Everyone has the right to freedom of opinion and expression; this right includes freedom to hold opinions without interference and to seek, receive and impart information and ideas through any media and regardless of frontiers.”

Well now, Croatia’s candidate Vesna Pusic has in her statement taken at least one human right away from Croatians expressing an opinion about her candidature – the right freedom of opinion and expression.


Absolutely unacceptable. Absolutely repugnant!

dr Zdravko Tomac Photo:Davor Javorovic/Pixsell

dr Zdravko Tomac
Photo:Davor Javorovic/Pixsell

In light of the overwhelming opposition from distinguished Croatian citizens to Vesna Pusic’s candidature as UN Secretary General I do also like the move made on Friday 29 April 2016 by dr Zdravko Tomac (a retired university professor, a former politician and deputy-Prime Minister of Croatia, writer of many books) with his Open Letter to Croatia’s Prime Minister Tihomir Oreskovic suggesting an appropriate discussion/debate in front of Croatia’s Parliamentary Foreign Affairs Council on the pros and cons of Vesna Pusic’s candidature; that opinion be sought from the President of Croatia and heads of coalition parties before a decision is finalised on the pros and cons of the candidature.

Dr Tomac writes a compelling case in his open letter and among other things he says (to the Prime Minister):
If every Ambassador must receive agreement from the President of Croatia and from the Croatian Parliament in order to be appointed as an Ambassador then it’s impermissible that Croatia does not seek agreement from the President of Croatia and all important elements of the Croatian society before a nomination is given for Croatia’s candidate for the biggest and the most important position Croatia has ever had the opportunity to offer a candidate for. For the matter to be even more serious, Zoran Milanovic and his government sent that candidature while they were only a technical, a caretaker government and had no rights making and sending such a nomination for candidature.”

Indeed, in a previous article I myself questioned the legitimacy of Vesna Pusic’s candidature for UN Secretary General on account of it being made by a government in exit, so am very glad to see other people have assessed the situation the same way as I have. How can one think otherwise than what facts dictate: Pusic was nominated by caretaker government that had no power to nominate her in the name of Croatia at the time, therefore, her candidacy must lack legitimacy and legality. There is no information as to whether Prime Minister of Croatia will respond to the open letter from dr Tomac or from the parliamentary group but I do hope he does. The letters are an expression of fact-based opinion of many notable Croatians who hold democracy and fairness as high values of a society. Vesna Pusic’s latest appalling denial of human rights to people criticising her (for the benefit of the world where the UN Secretary General position sits) surely must be among the reasons to re-examine the suitability of her candidature for UN Secretary General on behalf of Croatia! To do otherwise would be immoral and unjust – on a world scale. Ina Vukic, Prof. (Zgb); B.A., M.A.Ps. (Syd)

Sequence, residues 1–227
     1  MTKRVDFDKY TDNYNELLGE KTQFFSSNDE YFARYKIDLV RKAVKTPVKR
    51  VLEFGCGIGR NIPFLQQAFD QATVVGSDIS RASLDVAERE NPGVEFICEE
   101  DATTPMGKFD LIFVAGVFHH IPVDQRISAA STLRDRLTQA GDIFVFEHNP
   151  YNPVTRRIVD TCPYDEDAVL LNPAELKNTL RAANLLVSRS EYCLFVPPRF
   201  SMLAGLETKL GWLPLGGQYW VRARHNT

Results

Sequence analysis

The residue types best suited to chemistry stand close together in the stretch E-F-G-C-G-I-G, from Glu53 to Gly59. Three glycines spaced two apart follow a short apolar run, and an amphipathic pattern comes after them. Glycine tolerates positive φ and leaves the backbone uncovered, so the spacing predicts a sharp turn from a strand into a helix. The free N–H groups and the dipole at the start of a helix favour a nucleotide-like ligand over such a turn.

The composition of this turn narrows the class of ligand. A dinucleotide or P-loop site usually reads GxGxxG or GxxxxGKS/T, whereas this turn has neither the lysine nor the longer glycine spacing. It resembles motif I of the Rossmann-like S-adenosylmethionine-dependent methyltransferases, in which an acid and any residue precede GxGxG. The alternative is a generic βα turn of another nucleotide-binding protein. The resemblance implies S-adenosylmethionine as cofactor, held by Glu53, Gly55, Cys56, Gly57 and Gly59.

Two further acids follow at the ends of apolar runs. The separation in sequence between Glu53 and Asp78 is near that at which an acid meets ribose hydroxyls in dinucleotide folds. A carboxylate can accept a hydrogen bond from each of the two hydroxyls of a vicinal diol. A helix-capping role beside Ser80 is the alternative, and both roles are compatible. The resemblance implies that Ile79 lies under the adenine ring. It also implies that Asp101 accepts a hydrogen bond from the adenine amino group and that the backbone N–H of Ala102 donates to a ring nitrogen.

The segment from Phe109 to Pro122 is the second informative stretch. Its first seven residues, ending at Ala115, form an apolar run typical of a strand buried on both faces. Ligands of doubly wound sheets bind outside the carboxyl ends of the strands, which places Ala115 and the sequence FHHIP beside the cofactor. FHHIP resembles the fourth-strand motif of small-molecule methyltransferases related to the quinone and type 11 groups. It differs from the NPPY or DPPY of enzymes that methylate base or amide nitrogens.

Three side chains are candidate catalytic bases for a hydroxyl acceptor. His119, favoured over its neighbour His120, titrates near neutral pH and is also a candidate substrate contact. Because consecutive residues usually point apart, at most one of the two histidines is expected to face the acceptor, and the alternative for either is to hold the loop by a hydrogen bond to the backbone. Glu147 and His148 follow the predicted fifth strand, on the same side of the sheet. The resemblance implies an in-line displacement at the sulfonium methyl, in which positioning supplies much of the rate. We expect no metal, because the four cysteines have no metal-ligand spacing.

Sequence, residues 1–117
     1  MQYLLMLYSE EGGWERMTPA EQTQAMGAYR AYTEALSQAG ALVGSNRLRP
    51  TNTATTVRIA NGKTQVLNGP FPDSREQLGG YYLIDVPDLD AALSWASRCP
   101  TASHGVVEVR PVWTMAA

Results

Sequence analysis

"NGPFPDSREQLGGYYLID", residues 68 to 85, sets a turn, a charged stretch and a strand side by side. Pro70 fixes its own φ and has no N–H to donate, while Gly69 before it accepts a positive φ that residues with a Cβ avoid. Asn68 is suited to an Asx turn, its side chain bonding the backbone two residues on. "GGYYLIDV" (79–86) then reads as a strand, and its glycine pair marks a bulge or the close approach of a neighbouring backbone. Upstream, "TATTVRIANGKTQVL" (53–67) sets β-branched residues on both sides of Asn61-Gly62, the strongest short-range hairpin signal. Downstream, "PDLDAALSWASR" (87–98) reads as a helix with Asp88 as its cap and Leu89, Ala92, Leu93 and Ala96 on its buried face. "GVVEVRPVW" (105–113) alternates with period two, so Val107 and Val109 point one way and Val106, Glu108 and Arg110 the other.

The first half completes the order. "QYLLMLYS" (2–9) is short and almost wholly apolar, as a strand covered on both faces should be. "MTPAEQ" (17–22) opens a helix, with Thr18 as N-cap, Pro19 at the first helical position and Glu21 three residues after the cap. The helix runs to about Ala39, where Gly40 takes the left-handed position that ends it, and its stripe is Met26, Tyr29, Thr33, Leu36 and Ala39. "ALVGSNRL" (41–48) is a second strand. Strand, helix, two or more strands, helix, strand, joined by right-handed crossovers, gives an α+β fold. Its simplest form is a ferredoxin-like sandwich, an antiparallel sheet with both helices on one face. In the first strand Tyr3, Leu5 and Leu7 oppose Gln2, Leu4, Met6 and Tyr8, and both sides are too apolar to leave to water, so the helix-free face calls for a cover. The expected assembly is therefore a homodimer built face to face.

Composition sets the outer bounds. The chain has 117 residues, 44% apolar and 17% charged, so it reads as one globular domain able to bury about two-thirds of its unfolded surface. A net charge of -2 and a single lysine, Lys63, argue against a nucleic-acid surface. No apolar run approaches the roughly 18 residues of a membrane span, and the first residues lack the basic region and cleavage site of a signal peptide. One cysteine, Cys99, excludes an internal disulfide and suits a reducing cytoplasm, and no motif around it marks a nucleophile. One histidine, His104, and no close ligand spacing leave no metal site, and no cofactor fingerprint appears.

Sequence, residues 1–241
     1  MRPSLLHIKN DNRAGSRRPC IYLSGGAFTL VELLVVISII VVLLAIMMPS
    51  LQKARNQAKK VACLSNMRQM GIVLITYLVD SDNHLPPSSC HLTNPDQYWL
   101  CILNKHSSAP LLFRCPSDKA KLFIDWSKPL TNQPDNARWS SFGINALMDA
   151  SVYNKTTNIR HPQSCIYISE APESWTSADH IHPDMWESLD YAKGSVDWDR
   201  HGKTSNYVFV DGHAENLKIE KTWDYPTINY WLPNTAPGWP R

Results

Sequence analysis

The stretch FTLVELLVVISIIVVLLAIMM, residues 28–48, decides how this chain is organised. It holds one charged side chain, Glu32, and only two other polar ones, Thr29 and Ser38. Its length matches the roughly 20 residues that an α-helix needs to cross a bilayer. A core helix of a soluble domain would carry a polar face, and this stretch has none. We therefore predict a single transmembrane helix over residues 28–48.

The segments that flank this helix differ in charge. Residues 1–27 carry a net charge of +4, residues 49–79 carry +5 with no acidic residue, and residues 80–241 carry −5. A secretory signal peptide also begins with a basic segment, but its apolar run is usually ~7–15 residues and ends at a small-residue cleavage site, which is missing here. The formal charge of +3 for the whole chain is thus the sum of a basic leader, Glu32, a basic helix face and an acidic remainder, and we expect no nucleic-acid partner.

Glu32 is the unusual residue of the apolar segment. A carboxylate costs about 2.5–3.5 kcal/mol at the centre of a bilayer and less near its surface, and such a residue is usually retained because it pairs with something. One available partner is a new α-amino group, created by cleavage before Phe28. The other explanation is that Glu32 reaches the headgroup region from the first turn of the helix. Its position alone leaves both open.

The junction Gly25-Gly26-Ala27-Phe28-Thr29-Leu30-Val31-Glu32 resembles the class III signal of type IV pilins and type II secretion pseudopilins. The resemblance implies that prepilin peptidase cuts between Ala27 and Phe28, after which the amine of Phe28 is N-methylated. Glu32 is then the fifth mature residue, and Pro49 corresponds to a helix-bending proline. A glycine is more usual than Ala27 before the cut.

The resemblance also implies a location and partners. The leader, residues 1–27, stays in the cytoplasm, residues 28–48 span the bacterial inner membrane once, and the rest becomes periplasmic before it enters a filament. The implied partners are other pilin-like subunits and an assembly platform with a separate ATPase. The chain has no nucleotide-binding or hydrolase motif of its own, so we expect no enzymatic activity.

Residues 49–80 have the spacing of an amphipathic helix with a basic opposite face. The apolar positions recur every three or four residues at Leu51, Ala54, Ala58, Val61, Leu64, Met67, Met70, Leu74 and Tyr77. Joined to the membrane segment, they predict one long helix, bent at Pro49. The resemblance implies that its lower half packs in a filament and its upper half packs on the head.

Race For UN Secretary General Drenched By Former Yugoslavia

UN Assembly 13 April 2016 Hearing what Secretary General candidates have to say UN Photo/ Rick Bojornas

UN Assembly 13 April 2016
Hearing what Secretary General candidates
have to say
UN Photo/ Rick Bojornas

The UN Secretary General candidature basket seems to be overflowing with candidates from most states of former Yugoslavia (that communist contraption that broke apart in 1990’s) – five (out of six), in fact: Danilo Turk, former President of Slovenia and former UN Assistant Secretary General; Igor Luksic, Montenegro’s Foreign Minister; Vesna Pusic, former Minister of Foreign and European Affairs of Croatia, Vuk Jeremic, former Minister of Foreign Affairs of Serbia, former President of UN General Assembly, Srgjan Kerim, former Foreign Affairs Minister of Macedonia and former president of UN General Assembly. The only one missing from this former Yugoslavia club of UN Sec-Gen hopefuls is a candidate from Bosnia and Herzegovina.

The United Nations member states sat for three days last week at the East River headquarters and didn’t hesitate in giving the nine official candidates vying for the position of U.N. chief their toughest job interview to date. In the three-day publicly broadcasted informal dialogues, the nine secretary-general candidates answered approximately 800 questions collectively, according to the 1 for 7 Billion Campaign — ranging from their would-be policy concerning the alleged sexual abuse cases within the U.N.’s peacekeeping operations to concrete reform plans for the secretariat they’re hoping to lead.